Johannes de Thurocz

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Johannes de Thurocz (Hungarian: Thuróczy János; Slovak: Ján z Turca or Ján de Turocz, German: Johannes de Thurocz, variant contemporary spelling: de Thwrocz) (c. 1435 - 1488/1489), was a Hungarian[1][2] historian and the author of Chronicle of the Hungarians (Chronica Hungarorum), the most extensive 15th-century work on Hungary, and the first chronicle on Hungary written by a layman.

Life[edit]

Thurocz's parents came from Turóc county (formerly Thurocz), Upper Hungary (today Turiec region, Slovakia) where they were members of a yeoman family recorded since the first half of the 13th century (the village of Nedožery). Johannes' uncle Andreas received a property at Pýr as a donation from King Sigismund of Luxembourg, and Johannes' father Peter inherited this estate.

Thurocz was educated in a Premonstratensian monastery in Šahy (Ipolyság), where he studied Latin and law. In 1465 he appeared in Buda, as a prosecutor of the Premonstratensian monastery of Šahy. From 1467 to 1475 he served as a notary of the "country judge" Ladislas of Pavlovce, from 1476 to 1486 as the main notary of the country judge Stephen Báthory at the royal court, and from 1486 to 1488 as a head notary and judge of the royal personnel clerk Thomas Drági. No evidence of any university studies have been preserved, and it is possible that the title "magister" in front of his name was merely a polite title for an official or civil servant.

Thurocz's Chronicle[edit]

Matthias Corvinus as depicted in Chronica Hungarorum by Johannes de Thurocz
The first page of Thuroczy chronicle

The chronicle was written in three main parts:

The 1st part is Thurocz's interpretation of a poem by Lorenzo de Monacis of Venice. It deals with the rule of King Charles II of Hungary, and was probably written on the initiative of Thurocz's superior Stephen of Haserhag (the general notary of the Royal court), or perhaps of the country judge Thomas Drági. Physically, this part is attached to part c) below.

The 2nd part was written in 1486 and describes the deeds of Hungarian kings up to Louis the Great. This part in turn consists of three sub-sections:

  • a) the so-called Hunnish chronicle based on old Hungarian chronicles (Chronicon Pictum, Buda Chronicle) and preserved manuscripts, in which Thurocz attempts to correct the errors of his predecessors;
  • b) an interpretation of the history of the Hungarian Kingdom from 895 (arrival of the Magyars) until the rule of King Charles I of Hungary (1307-42);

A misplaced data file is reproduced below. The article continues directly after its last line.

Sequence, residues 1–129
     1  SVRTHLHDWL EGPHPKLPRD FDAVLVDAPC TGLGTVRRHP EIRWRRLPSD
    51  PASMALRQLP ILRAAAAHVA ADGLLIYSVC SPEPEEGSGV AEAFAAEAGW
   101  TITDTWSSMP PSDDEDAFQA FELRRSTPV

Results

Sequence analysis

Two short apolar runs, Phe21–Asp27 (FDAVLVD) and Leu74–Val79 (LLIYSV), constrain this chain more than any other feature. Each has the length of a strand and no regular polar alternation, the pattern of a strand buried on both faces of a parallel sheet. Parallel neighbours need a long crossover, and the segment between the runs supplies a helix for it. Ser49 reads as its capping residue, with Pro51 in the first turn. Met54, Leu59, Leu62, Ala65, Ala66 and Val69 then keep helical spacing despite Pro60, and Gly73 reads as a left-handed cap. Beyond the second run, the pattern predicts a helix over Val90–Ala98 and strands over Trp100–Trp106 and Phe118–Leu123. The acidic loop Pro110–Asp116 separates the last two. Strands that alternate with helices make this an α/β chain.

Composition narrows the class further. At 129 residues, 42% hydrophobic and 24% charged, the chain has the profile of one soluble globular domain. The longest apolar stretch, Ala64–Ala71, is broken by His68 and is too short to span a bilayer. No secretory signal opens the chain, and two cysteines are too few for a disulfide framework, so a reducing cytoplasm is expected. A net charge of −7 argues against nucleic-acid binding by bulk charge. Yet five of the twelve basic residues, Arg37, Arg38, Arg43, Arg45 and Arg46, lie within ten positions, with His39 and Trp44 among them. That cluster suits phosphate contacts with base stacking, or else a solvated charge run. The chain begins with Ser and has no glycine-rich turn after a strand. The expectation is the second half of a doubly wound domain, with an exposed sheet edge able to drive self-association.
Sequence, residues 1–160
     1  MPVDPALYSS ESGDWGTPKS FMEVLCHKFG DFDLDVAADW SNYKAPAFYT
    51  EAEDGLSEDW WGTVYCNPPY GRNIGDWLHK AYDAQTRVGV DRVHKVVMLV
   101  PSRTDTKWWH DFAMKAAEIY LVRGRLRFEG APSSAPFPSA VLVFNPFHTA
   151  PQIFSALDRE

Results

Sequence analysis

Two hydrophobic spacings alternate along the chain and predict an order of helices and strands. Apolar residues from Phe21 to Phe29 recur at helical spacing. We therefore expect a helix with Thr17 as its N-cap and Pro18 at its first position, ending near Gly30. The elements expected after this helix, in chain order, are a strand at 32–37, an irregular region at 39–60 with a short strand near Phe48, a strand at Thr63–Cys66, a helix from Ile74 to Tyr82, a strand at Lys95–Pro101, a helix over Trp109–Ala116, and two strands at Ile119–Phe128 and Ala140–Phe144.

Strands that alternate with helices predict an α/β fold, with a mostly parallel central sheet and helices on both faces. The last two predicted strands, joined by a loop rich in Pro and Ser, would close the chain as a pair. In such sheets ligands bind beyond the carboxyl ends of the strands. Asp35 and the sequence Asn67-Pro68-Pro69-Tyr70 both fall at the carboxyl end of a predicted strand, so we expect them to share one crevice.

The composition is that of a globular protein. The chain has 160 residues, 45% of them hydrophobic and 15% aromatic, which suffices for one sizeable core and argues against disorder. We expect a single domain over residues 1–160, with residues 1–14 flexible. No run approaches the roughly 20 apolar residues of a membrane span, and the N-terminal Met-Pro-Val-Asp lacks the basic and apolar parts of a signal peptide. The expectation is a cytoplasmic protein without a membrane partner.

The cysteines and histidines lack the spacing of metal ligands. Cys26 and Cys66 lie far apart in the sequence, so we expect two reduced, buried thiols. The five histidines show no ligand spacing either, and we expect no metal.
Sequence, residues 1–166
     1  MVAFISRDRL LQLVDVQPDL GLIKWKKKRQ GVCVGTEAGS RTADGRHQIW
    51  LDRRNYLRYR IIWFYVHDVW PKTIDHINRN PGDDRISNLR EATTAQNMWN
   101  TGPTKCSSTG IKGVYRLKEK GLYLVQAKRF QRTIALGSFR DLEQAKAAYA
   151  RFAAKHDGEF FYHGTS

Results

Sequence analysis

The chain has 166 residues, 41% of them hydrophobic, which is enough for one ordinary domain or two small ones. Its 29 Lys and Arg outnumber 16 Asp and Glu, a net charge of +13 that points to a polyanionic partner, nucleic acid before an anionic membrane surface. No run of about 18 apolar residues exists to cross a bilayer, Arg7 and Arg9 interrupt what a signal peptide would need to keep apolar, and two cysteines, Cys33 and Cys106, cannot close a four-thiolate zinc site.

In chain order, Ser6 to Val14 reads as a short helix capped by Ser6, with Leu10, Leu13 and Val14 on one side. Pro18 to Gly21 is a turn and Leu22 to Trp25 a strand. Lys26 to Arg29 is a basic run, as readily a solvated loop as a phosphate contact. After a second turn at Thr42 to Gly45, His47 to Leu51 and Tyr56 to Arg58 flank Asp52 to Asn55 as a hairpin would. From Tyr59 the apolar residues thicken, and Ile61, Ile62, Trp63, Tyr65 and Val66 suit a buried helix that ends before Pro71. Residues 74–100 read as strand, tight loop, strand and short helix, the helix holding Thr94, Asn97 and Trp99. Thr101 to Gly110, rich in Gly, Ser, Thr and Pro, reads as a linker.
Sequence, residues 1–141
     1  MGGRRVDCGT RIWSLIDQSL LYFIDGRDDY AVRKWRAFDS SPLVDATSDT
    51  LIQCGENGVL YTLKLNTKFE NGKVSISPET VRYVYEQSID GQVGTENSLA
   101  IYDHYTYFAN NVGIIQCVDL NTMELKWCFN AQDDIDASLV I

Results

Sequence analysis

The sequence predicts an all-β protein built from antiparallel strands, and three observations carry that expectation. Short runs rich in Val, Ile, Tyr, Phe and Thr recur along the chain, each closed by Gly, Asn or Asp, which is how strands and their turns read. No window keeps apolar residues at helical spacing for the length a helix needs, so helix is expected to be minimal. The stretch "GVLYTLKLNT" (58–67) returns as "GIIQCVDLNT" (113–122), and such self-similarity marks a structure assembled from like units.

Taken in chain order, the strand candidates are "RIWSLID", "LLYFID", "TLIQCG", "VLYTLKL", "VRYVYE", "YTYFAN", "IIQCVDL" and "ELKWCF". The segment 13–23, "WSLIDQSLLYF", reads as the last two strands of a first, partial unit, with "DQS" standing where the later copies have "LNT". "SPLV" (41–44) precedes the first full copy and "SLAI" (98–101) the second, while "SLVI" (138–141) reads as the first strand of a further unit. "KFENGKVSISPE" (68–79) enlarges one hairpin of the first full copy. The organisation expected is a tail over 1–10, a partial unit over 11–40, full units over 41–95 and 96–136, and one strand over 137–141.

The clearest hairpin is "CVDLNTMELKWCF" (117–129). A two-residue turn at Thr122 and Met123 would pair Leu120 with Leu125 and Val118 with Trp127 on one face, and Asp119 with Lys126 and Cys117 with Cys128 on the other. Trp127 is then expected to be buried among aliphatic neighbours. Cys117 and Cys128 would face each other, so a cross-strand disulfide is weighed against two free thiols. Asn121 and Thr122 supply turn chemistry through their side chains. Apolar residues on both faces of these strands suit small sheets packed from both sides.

• c) a history of part of the reign of King Louis I the Great (1342-82), which arose through incorporation of a chronicle written by Ján of Šarišské Sokolovce.

The 3rd part describes events from the death of King Charles II the Small (who died in 1386) until the conquest of Vienna and Wiener Neustadt by King Matthias Corvinus in August 1487; this can be considered Thurocz's own original work, and was mostly written in early 1487. It was inspired by the famous historico-geographical lexicon Cosmographia by Aeneas Silvius Piccolomini and was based largely on existing diplomatic documents and letters. However, information from the Cosmographia was selected somewhat one-sidedly and haphazardly.

According to his own words in the dedication to his work, Johannes de Turocz had no ambitions to be a historian. In fact, his chronicle contains many errors and omits a number of significant events. Besides more reliable sources, the work relies extensively on oral tradition, folk songs and anecdotes, and contains many references to "miraculous" events and wonders.

Destiny and fortune play a significant role in history as seen by Thurocz. Like many of his contemporaries he was convinced of the close relationship between human fortune, historical events and the motion of celestial bodies.

Thurocz sought an explanation of a number of events in the moral imperative. He gave much attention to describing the inner feelings of historical characters, but had an evident tendency to idealize the Hungarian heroes Attila and Matthias Corvinus, while degrading the significance of Hungary's queens.

Early editions of the chronicle[edit]

The first editions of Chronica Hungarorum by Johannes de Thurocz were published in 1488 in Brno, (Moravia) and in Augsburg. Further editions followed over the following centuries in Frankfurt, Vienna, Nagyszombat and Buda.

Heraldry of Corvinus as depicted in the 1490 German manuscript of Johannes de Thurocz's chronicle
  • The Brno edition, published 20 March 1488, printed by Couradus Stahel and Matthias Preinlein. One copy is preserved at the Biblioteca Mănăstirii Brâncoveanu in Romania; a second at Graz University Library, Austria; and a third in Braşov, Romania (Parohia evanghelică C. A. Biserica Neagră 1251/2).
  • The Augsburg (Augusta Vindelicorum) edition, dated [3 Jun.] 1488 Publisher Erhard Ratdolt for Theobald Feger, a citizen of Buda.

Illuminations the hand coloured woodcut illustrations (55), the initial letters Inc C 75, accession number F 1450/76 Slovak National Library at Matica slovenská in Martin, Slovakia, the second edition, Augsburgian, 2. version (variant) and Bucharest, National Library of Romania, Inc. I 41 Data apariţiei:Datare sigura: 03/07/1488 III Non. Jun. [3 Jun.] 1488

  • German 1490 manuscript - one copy at Heidelberg (Cod. Pal. germ. 156); another at Cambridge (Mass.), Houghton Libr., (Ms. Ger. 43 [formerly Nikolsburg, Fürstl. Dietrichsteinsche Bibl., Cod. II 138]).

See also[edit]

References[edit]

  1. ^ The Papacy and the Levant. DIANE Publishing. 1978. p. 182. ISBN 9780871691279. Retrieved 2009-06-08.  |first1= missing |last1= in Authors list (help)
  2. ^ Lucian Boia, Great historians from antiquity to 1800: an international dictionary, Volume 1, Greenwood Press, 1989, p. 207

External links[edit]